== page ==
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New Science On Our Nine-Lived Friends47:03
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With guest host Jacki Lyden
There’s a reason your cats act the way they do. Their genome shows, they’re not so different from wild animals. We’ll dive in.

Have you ever thought about what your cat thinks about you? (Flicr / Creative Commons)
Have you ever thought about what your cat thinks about you? (Flicr / Creative Commons)

“I and Pangur Ban my cat / Tis a Like task we are at / Hunting Mice is His Delight / Hunting Words I sit all Night.”  Notice, the words “hunting” in that medieval Irish poem. Now, genetic sequencing of the feline shows that Pangur Ban is still a lion underneath, in short; still a lot more like felis silvestrus, like dogs are like their progenitors.  “When a Mouse Darts From his Den / Oh how glad is Pangur, then!” This hour, On Point: Cat Lore, cat Science, and why your Abyssinian is so — feline.
-- Jacki Lyden  

Guests

Michael Montague, researcher at Washington University in Saint Louis' Genome Institute. Lead author on a study analyzing the genome of the domestic cat.

John Bradshaw, founding director of the Anthrozoology Institute at the University of Bristol. Author of "Cat Sense: How the New Feline Science Can Make You A Better Friend To Your Pet."

From The Reading List

Giga Science: Annotated features of domestic cat - felis catus genome -- "Domestic cats enjoy an extensive veterinary medical surveillance which has described nearly 250 genetic diseases analogous to human disorders. Feline infectious agents offer powerful natural models of deadly human diseases, which include feline immunodeficiency virus, feline sarcoma virus and feline leukemia virus. A rich veterinary literature of feline disease pathogenesis and the demonstration of a highly conserved ancestral mammal genome organization make the cat genome annotation a highly informative resource that facilitates multifaceted research endeavors."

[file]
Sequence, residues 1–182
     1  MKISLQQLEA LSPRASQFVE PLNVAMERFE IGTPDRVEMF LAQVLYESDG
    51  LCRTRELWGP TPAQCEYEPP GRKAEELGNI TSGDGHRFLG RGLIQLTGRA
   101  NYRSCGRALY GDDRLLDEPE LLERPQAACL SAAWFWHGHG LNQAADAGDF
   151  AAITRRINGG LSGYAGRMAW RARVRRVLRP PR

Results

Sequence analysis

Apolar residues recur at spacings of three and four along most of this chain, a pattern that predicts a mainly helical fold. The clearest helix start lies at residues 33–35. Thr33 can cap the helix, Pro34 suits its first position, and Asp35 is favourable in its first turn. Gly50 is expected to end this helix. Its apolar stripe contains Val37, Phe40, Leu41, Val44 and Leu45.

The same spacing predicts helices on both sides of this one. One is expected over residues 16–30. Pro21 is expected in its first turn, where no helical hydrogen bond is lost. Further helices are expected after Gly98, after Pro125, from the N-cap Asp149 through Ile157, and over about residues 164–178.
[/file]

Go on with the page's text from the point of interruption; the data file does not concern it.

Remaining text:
io9: Why House Cats Generally Don't Care (About You) — "Generally house cats are quite adept at hunting, sharing many of the same genetic traits that make wild cats such effective predators. The genetic adaptations highlighted in the study indicate that house cats still retain many of the characteristics of wild cats, including acute vision, fast reflexes, and an innate desire for murder. Many of the behaviors house cats engage in are thought to be predator learning behaviors – pouncing, kicking with the hind limbs, and chasing prey (laser pointers) and can be seen in wild cats."

The Guardian: What Is Your Cat Thinking? — "Cats, we learn here, are still, in many significant ways, not fully domesticated. That is, they are closer to their wild forebears than dogs are to theirs; cats do not insert themselves as fully into our lives as dogs do – or as we might wish them to. Which can be part of their appeal, of course. But they are remarkable animals, able to smell, hear and see incomparably better than we can; they are agile beyond belief and inspirers of great poetry, 'Jubilate Agno' by Christopher Smart being the supreme example."

One Lucky Cat

Lissa Warren, author of "The Good Luck Cat: How A Cat Saved A Family and Family Saved A Cat." (@lissa_warren)

The Wall Street Journal: Why Every Book Lover Should Have a Cat -- "Since the dawn of domestication, lovers of the written word have been drawn to cats. Perhaps it’s because reading is a solitary activity but feels less so when a cat’s beside you. Perhaps it’s because cats are delicate—like a finally wrought sentence or a clever turn of phrase. Or because cats remind us of punctuation—compact as an ampersand, with a question mark for a tail. Or maybe it’s just that a cat is a reader’s ultimate excuse for sloth."

Read An Excerpt Of "The Good Luck Cat" By Lissa Warren

https://www.scribd.com/doc/250849407/Excerpt-From-The-Good-Luck-Cat-by-Lissa-Warren

This program aired on December 23, 2014.

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